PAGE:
10 Club (Best Live Cut): It’s telling that the band is still technically touring in support of Lightning Bolt but have already abandoned playing most of the record on a regular basis. That being said, the title track still carries a bit of current, “Mind Your Manners” can incite some minor chaos, and “Sirens” can get there when Eddie Vedder does. However, give me the more brooding and understated “Pendulum” for a cooldown that doesn’t feel like a letdown. Besides, how often do you get to see Mike McCready play guitar using a bow? At least this once.
Lost Dog (Best B-Side, Outtake): Not much to report here, though the early Lightning Bolt sessions yielded “Olé”, which the band made available as a free download. As always, here’s hoping some more stray dogs eventually scratch at our backdoor.
WWWdotED: Pearl Jam took to their website and social networks to give the rollout of Lightning Bolt an online jolt. The band posted not one, but two different countdown clocks. The first announced a 24-date North American tour, and the second, which reached zero 10 days later, dropped the news about Lightning Bolt and unveiled lead single “Mind Your Manners”. While the surprises (a tour and an album) were predictable, I still remember spending an inordinate amount of time staring at that clock and wondering. Good campaign, boys.
It’s Time To Play the Music: As mentioned earlier, Pearl Jam recorded at Henson Recording Studios in Los Angeles. Yes, that Henson. Once A&M studios and the site of legendary recordings like the “We Are the World” sessions, The Jim Henson Company purchased the studio in 2000. Sadly, since Disney now owns the Muppets, there’s virtually no chance Eddie and company bumped into the frog, the pig, the bear, or the whatever and collaborated a la Weezer or OK Go. Would have been cool to at least let Animal sit in on “Animal”. Oh well, maybe they hung with the Fraggles.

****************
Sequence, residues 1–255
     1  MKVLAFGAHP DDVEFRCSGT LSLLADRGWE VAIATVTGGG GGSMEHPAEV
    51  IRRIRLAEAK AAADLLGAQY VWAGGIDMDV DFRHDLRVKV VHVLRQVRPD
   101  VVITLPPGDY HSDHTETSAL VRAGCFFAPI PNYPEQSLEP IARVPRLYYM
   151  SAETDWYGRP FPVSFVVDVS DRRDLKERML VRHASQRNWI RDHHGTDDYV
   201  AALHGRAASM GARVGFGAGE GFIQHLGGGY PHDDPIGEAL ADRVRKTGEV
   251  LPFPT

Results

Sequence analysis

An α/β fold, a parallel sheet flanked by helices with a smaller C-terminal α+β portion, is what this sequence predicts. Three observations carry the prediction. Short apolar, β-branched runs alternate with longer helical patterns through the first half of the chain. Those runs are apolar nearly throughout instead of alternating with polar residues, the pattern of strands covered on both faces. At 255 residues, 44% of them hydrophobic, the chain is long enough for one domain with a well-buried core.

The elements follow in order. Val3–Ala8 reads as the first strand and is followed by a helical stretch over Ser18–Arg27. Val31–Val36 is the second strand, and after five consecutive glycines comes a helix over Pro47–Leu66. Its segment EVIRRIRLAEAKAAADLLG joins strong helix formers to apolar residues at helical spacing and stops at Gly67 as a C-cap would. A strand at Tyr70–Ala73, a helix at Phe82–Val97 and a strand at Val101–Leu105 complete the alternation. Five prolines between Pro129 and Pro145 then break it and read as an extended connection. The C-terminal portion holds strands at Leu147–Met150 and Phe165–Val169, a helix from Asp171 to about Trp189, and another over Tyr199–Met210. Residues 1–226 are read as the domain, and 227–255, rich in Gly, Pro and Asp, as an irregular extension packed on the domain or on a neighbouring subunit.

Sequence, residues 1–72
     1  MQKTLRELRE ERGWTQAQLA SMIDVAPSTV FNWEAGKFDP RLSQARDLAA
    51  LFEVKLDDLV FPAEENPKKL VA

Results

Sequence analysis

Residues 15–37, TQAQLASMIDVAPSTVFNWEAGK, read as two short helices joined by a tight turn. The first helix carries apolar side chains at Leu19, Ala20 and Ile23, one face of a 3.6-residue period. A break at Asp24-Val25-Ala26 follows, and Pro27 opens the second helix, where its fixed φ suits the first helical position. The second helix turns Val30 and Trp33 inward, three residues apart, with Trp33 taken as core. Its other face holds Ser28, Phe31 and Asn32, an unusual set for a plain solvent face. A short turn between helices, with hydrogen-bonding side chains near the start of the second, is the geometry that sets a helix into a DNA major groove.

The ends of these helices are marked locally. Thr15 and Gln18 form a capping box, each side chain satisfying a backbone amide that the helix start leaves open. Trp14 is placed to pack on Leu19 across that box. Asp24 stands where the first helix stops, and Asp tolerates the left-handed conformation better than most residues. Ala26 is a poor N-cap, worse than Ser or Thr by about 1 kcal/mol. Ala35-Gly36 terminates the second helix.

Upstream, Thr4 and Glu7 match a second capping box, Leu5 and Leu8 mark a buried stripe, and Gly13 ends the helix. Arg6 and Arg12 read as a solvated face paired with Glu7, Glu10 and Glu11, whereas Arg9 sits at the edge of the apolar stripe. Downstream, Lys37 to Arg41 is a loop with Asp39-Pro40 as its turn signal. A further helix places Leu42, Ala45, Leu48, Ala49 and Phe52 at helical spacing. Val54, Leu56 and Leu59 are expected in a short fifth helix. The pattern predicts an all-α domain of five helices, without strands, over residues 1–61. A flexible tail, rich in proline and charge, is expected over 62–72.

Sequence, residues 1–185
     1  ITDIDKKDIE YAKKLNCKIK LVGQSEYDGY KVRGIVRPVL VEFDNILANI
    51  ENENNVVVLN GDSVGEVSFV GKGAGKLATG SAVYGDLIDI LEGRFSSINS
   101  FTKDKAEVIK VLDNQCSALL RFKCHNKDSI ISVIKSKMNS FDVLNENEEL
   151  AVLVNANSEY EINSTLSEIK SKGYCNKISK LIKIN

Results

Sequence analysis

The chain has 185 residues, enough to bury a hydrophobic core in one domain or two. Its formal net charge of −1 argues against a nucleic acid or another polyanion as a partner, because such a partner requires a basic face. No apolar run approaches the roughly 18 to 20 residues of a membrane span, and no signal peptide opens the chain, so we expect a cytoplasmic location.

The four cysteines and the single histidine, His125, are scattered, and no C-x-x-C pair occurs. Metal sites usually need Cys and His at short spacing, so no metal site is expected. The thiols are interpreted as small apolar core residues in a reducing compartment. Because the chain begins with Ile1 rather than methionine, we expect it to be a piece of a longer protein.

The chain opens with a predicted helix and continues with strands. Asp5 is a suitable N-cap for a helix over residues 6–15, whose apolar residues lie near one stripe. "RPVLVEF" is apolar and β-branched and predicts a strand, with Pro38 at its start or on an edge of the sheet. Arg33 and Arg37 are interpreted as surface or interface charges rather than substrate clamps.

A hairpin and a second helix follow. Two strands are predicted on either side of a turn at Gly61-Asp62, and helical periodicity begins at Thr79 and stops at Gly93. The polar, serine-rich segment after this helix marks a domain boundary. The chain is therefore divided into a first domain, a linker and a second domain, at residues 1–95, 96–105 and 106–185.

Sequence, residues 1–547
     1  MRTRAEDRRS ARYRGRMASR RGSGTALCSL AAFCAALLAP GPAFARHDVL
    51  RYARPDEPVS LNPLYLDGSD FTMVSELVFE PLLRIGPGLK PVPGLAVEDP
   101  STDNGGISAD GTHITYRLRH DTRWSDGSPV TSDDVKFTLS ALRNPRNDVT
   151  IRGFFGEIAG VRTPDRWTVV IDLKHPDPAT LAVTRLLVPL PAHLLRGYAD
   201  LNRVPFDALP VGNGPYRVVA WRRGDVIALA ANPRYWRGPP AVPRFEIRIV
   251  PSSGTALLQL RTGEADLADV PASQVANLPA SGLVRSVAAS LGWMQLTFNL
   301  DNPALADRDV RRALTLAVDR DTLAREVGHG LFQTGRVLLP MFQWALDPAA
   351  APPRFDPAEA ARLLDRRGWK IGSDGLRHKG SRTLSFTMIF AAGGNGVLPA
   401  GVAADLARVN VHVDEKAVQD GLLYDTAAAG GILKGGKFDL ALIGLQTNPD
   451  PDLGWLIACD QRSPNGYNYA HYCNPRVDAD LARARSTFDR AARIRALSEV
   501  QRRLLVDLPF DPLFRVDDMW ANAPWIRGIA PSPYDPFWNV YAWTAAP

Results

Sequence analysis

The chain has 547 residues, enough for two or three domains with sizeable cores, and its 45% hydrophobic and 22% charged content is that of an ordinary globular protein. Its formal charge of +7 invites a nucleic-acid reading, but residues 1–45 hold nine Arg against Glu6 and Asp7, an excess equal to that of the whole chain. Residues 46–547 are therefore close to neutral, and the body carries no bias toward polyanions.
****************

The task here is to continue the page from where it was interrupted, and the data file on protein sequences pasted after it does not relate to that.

Rearviewmirror (Analysis): Lightning Bolt, in many ways, finds Pearl Jam coming to grips with their own mortality (“Sirens”) and looking ahead to what the future might hold (“Future Days”, “Pendulum”) in very straightforward, relatable terms. As Vedder asked near the album’s release, “It’s going to be their [his children’s] world, and what is their future?” It’s the type of question we only face once we’ve reached a certain point in life and accept that our roads are finite and that the next stretch belongs to someone else. It’s an idea historically at odds with rock and roll, which traditionally gives no care for tomorrow and offers no blueprint for how to grow old in a rock band. Vedder and company seem to be entering that next phase in their lives and are one of the first bands ever to remain relevant and sharp enough at that age to help create that blueprint. But, as always, it comes down to great songs, and there’s just really nothing on Lightning Bolt that the listener wishes would strike twice let alone many more times.